I love books and I’ve never, ever regretted a purchase.

(Great to see you, as always, Chris. Thanks for the help – and we’ll look through more books next time, I hope!)

9 thoughts on ““I have a book…”

  1. As soon as you’d mentioned “Hilarious House of Frightenstein”, you had my attention. Dr. Julius Sumner-Miller imbued many young Canadians (including me!) with an appreciation of physics via this show. A very hokey show that pains me to look at now, of course, but one that in a strange way introduced many of our generation to science.

    I likewise have a fair collections of books and manuals, loosely collected amongst shelves to form some kind of “library”. Everything from Ian Wilson’s “Steam…” series to MOW manuals. All are useful to have at hand.

    I cannot agree more with you about reading books and magazines about modeling railways outside Canada and the US. There is found so much good modeling technique not revealed in the North American hobby media. Static grass was used widely by UK modellers before we caught on to it, for example.

    But about reading, a fun song by Moxy Fruvous– https://www.youtube.com/watch?v=5MeQK7JtLpU

    • Hokey? Yes – but still brilliantly goofy. Vincent Price’s bits were marvellous, and Billy Van was manic, playing – what, almost everyone? And I’m sure parents today – even those who grew up watching the show – would look at the show and wonder what on earth their parents were thinking! When Hunter S. Thompson lit up, he probably saw the Wolfman/Igor dancing thing…

  2. Wow Trevor – this actually has to be one of my favorite posts. “the fireplace is flanked by floor-to-ceiling built-in bookcases” – few phrases would be as sweet to my ears. But I can also relate to your piles & stacks of books around. In fact, one of the reasons – actually the main reason – I haven’t posted much to my blog is because I haven’t done much in the basement lately, because I’ve been dealing with my own piles & stacks. I just wish I’d take a “before” shot – an “after” shot, showing all the books properly sorted & shelved, wouldn’t give you any idea of the chaos my library had become. Thankfully, I’m almost done with that project(!) and can start getting back to the basement. But I could not agree more with you about “the importance of a good library for any serious hobbyist. It’s worth foregoing yet another locomotive or a couple more freight cars to buy a book” – especially when they’re railroad books! :^)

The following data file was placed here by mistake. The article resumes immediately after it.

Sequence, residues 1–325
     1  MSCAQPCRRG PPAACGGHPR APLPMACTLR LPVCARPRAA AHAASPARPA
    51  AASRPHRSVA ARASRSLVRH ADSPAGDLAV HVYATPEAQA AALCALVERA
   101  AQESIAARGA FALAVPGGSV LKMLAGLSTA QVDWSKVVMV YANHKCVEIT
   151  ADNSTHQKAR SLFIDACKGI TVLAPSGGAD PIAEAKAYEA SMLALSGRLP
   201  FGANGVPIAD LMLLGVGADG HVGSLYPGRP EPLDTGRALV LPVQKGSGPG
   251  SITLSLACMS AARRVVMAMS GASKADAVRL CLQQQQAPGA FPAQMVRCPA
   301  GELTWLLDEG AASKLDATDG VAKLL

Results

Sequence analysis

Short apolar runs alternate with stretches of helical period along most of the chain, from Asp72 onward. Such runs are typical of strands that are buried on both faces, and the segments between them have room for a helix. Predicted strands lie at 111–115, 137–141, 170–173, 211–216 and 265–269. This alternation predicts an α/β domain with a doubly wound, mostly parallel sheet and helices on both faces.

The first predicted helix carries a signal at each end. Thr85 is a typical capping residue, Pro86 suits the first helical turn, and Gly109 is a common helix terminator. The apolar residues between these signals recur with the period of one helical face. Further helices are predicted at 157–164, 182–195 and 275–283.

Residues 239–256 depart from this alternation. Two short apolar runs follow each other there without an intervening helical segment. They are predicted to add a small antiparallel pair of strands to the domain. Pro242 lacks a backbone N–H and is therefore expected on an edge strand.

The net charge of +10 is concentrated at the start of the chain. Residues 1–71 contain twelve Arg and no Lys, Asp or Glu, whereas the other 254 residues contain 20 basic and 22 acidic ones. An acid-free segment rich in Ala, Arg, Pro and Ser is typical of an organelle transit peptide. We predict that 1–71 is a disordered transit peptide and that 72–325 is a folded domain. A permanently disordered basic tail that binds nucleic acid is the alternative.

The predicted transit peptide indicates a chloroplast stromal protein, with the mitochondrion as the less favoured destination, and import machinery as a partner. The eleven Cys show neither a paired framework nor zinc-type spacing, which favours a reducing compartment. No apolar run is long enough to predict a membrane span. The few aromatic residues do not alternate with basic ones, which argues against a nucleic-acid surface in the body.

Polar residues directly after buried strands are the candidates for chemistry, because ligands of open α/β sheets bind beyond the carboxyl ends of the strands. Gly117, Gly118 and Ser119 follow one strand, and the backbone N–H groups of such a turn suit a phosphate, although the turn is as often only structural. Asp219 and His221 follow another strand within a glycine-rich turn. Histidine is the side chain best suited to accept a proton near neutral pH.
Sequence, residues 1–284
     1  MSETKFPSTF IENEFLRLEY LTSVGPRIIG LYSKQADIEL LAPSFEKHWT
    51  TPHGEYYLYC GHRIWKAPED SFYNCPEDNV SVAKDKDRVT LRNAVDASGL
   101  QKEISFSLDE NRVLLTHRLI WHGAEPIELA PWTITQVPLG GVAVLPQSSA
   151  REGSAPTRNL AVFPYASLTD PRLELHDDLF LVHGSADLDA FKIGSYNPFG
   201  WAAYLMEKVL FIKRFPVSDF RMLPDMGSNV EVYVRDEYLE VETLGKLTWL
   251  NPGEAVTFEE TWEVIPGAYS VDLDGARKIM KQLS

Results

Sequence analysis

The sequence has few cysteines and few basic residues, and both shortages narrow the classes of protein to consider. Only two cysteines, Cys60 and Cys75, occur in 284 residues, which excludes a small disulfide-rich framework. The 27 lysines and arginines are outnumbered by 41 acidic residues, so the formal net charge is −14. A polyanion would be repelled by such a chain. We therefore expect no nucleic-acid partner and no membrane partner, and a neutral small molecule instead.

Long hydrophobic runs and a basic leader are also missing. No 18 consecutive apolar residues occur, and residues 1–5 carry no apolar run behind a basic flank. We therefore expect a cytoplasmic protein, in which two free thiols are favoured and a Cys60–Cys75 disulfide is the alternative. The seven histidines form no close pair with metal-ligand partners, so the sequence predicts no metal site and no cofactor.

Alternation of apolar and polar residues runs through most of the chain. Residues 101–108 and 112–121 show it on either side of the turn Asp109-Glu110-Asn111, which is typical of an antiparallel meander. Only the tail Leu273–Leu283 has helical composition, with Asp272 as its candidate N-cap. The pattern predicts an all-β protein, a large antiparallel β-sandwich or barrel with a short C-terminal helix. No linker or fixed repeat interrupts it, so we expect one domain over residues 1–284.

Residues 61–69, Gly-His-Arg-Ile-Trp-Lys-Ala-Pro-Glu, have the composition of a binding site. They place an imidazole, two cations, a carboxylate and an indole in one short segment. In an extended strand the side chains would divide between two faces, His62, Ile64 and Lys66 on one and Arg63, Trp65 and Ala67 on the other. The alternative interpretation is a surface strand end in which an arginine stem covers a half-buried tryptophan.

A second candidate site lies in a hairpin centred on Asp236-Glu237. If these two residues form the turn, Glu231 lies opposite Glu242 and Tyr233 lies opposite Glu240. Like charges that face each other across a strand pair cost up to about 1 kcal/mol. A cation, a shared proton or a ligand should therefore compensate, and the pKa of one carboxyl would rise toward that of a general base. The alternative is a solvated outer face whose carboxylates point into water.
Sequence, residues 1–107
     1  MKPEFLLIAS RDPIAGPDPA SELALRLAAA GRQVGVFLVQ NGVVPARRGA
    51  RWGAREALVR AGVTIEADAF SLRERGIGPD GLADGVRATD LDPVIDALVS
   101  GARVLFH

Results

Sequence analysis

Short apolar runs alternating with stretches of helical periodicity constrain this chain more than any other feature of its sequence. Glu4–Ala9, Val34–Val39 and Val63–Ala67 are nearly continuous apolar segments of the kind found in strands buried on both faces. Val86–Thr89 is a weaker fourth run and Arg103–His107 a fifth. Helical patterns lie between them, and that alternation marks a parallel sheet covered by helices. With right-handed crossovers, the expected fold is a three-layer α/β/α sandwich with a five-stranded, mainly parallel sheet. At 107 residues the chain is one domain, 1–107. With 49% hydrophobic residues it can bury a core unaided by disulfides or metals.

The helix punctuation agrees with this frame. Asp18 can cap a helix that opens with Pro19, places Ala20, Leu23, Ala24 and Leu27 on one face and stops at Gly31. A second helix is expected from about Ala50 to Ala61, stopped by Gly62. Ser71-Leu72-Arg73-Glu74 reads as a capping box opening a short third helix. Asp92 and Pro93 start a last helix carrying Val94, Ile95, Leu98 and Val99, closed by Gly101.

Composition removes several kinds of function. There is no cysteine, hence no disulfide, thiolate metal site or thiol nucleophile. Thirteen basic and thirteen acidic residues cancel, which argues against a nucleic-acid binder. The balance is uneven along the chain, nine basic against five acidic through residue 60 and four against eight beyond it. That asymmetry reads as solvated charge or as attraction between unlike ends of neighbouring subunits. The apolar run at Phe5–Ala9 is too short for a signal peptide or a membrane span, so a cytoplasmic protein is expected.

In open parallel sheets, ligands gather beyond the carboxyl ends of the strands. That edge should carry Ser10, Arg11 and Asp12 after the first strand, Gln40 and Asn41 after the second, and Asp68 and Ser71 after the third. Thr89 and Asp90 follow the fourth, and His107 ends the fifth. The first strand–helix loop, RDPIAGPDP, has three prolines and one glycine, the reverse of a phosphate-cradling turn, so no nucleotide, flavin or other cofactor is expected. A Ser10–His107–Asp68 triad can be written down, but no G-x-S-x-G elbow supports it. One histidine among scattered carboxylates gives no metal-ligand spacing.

3. As I favor the Maine Two Footers I have twenty three books just on that. But I am just as likely to buy a book on early British Railway and I am fond of the Welsh little trains as well as with a few other small short lies and some of the big ones too. I was into railroad history since high school back in 1959 though 1963. Many of those old books I also have in my library. In fact my concept of wealth always included having my own library.

  4. Books (and magazines) are a great resource. I too enjoy them immensely and (re-)read them frequently.

    At various times over the past year and a half of research into the prototype, it’s felt like I’m writing the book on the Fairgrounds Branch of the Frisco (http://kcspur.blogspot.com).

  5. Trevor,

    Good grief, I thought I was the only one that had books stacked everywhere! Glad to hear I am not alone. The kids always ask “what are you reading, another book about trains?”


  6. The best part of my collection is my wife encouraged me to buy more, yes she would read one on occasion. I sure miss her for all of her encouragement.

  7. Happy to be present and helping out.
    Always good to work and chat (and also stop for refreshments).
    The Professor (in this case Julius Sumner Miller) rules.